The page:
On This Day 75 Years Ago, The Jones Act Was Discriminating Against Alaskans

Seventy-five years ago today, the Alaska legislature passed HJM 4 to proclaim to Congress how bad the Jones Act was to our state, and to ask for reform. It’s still true today that the Jones Act is bad for Alaska, and even more evident during these times of supply chain disruptions. The “Aid to Alaska” that was promised in the Anchorage Daily Times  on April 19, 1947 has never arrived. Alaska is still very dependent on goods delivered via ship and thus we must persist with urging reform of the Jones Act.



WHEREAS, Section 27 of the Jones Act (Merchant Marine Act of 1920, 48 U.S.CA. Secs. ‘ 861 to 889) is grossly discriminatory against Alaska in that it requires all shipments originating in the Eastern United States and carried across the continent in bond by Canadian Railway to be carried North in American flag ships, although similar shipments destined for Pacific Coast ports in the States may be hauled South in Canadian bottoms; and,

WHEREAS, the original purpose of protecting Puget Sound shipping interests to foster an American coastwise merchant marine as — necessary for the national defense” has been clearly superseded by the present involvement of the national interest in the growth, and development of Alaska; and,

WHEREAS, the strategic importance of Alaska was demonstrated in the last war so that development of Alaska into a strong buffer state is now indispensable to the national interest, and the Territory cannot become a bulwark of strength unless its · development be treated as a matter of national policy; and,

WHEREAS, the discrimination of the Jones Act in favor of a few rundown Puget Sound ships, is blocking movement of goods and passengers to Alaska in derogation of the Territory’s development and the national security; and,

WHEREAS, high freight rates have obstructed Alaska’s development for over thirty years, notwithstanding which substantial increases are proposed to bail out the present monopoly of the port of Seattle at the further expense of the industries and consumers of Alaska, and at the cost of sacrificing the otherwise inevitable development of the Territory which is of paramount importance to the nation as a whole; and,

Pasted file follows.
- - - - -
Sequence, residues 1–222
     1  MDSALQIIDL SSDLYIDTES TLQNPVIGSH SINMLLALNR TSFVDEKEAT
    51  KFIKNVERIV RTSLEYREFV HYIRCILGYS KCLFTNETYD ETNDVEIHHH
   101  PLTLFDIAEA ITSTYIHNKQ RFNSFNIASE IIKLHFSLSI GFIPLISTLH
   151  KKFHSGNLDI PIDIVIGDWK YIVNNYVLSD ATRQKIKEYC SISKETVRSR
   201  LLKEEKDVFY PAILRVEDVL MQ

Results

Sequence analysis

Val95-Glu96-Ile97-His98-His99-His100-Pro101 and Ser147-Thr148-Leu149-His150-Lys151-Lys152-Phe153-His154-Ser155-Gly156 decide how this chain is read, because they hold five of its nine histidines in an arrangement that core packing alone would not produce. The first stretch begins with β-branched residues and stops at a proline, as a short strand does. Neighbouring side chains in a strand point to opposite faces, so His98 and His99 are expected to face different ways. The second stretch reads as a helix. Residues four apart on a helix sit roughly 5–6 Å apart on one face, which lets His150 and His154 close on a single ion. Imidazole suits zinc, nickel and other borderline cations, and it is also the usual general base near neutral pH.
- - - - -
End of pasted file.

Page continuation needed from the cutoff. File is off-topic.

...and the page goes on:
WHEREAS, restoration of Alaska’s so-called lifeline which broke down as a result of long-time shortsightedness and as a consequence of intensive war use and employer-employee controversy, should not be undertaken at the sole expense of Alaskans in the guise of increased rates, especially since the ruinous effect on the Territory would be a serious detriment to the national interest; and,

WHEREAS, freight rates under free competition would open up hauling of cargo from the eastern United States to the port of Prince Rupert, B. C., and thence in Canadian bottoms to Alaska coastal points at two-thirds of the existing rates from Seattle; and,

WHEREAS, the “Territory declines to be browbeaten, and does propose to fight increased freight rates with all weapons at its disposal ·with the view that the problem should be solved on the national level with temporary relief forthcoming as a sensible, foresighted investment which would pay off many fold in the years to come, and as the only solution compatible with the national interest;

NOW, THEREFORE, we, your Memorialists, do respectfully pray that Section 27 of the Jones Act be amended to remove the present discrimination therein contained against the Territory of Alaska.


Passed by the House February 20, 1947,

Passed by the Senate February 27, 1947.

Approved by the Governor, March 7, 1947.